Likewise, the tourist searching for authenticity, in order to improve her experience, is vigilant as regards the food she eats, and therefore the food supply chain. There are companies who have consortium-based project concerned with regional food safety that is of interest for tourism service providers. Swiss start-up “Food Blockchain” sets out to “manage commercial relationships among different actors in the supply chain through the introduction of its own token, “Foodcoin”.

Another adjacent field where the supply chain is paramount is medical tourism to create a safer and better care environment for patients. In India, there have been Yoga and Ayurveda healing techniques for 5,000 years, attracting thousands of people looking for health improvement and this is of much relevance.

When a person is travelling outside their home country, and treated for an emergency, access to a blockchain ledger could help detect a competent expert, who would have access to the healthcare data remotely in case of a very rare condition. Patients could store encrypted vital information on a blockchain ledger (IoT medical devices should be considered here), and instruct who has access to the private key, and ultimately to the patient’s medical information. It could store medical procedures, and more advanced directives, such as not-to-resuscitate orders.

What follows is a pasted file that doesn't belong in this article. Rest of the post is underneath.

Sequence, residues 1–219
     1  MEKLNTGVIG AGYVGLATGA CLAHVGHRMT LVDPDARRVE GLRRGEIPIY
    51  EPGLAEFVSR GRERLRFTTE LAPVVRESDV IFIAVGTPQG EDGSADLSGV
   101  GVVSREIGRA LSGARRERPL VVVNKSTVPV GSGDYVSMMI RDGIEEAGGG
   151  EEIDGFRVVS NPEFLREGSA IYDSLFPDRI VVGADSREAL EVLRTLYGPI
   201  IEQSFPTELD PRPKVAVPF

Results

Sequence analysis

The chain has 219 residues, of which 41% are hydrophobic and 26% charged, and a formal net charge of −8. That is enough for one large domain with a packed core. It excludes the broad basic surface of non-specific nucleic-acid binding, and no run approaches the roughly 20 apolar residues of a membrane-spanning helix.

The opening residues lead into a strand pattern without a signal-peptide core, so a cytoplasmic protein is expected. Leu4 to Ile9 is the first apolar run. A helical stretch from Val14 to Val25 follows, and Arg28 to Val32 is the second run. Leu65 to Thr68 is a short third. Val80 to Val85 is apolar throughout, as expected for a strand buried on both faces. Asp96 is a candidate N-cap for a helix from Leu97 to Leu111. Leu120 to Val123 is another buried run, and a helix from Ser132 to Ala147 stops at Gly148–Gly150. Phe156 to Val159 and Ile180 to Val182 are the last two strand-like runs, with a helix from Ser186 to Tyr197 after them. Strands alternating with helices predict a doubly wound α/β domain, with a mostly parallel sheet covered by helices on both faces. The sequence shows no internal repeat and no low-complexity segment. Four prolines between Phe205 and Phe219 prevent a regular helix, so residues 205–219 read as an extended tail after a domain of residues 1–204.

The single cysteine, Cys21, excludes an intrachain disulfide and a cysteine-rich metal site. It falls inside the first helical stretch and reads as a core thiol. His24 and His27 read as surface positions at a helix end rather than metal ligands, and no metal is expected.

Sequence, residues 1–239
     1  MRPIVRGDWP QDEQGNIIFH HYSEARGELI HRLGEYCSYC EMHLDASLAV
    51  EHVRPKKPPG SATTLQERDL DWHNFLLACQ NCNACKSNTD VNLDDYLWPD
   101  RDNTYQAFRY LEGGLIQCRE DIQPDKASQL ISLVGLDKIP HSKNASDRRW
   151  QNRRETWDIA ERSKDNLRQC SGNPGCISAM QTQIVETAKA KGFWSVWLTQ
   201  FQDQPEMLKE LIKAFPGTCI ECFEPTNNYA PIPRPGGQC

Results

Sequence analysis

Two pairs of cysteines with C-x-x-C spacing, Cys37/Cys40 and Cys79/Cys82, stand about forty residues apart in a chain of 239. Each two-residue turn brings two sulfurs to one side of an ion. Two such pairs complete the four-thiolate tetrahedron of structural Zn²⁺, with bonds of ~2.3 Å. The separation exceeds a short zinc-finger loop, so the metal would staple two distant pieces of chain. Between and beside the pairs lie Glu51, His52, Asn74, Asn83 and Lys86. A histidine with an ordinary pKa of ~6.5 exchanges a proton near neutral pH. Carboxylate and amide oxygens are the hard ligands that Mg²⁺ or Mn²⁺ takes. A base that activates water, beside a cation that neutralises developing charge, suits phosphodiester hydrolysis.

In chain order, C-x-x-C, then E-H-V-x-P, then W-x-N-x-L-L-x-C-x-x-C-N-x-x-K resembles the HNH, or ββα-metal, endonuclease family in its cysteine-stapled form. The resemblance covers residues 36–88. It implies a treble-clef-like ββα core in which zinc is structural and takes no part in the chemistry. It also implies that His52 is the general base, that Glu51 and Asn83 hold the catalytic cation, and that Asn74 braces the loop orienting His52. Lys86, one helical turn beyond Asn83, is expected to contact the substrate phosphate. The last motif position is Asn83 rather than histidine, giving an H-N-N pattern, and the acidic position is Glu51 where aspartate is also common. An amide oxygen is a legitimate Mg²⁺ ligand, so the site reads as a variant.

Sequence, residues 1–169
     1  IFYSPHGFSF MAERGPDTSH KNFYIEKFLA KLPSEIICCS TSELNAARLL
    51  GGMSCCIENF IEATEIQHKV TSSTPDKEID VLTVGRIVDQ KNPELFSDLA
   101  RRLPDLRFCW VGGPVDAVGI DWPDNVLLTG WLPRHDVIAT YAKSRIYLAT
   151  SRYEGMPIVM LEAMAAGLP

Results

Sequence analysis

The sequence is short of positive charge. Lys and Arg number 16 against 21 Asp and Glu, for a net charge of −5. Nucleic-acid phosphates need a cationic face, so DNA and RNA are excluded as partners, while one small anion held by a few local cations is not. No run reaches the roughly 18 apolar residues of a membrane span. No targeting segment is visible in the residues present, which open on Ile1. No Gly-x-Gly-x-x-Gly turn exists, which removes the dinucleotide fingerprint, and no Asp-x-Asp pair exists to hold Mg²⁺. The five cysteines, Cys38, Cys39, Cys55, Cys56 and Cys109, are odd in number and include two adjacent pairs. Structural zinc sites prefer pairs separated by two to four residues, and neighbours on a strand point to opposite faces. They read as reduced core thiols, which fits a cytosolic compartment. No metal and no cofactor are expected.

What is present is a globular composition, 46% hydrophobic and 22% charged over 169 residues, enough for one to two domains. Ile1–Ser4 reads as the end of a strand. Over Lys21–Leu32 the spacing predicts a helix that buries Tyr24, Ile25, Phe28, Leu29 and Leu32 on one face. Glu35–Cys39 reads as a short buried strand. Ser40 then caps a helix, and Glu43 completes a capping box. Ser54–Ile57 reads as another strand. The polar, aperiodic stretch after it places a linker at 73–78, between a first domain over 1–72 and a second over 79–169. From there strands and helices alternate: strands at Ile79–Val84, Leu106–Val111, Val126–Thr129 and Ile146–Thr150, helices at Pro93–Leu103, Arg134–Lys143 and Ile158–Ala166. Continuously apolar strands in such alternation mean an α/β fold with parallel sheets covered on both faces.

This would amount to the self-management of healthcare conditions by patients themselves, who would nonetheless continue to receive the guidance of healthcare clinicians.

Thus, the need of the hour is to promote start-ups based on these technologies.

The writer is Deputy Secretary, Government of India. Views expressed are personal

Published on

March 23, 2022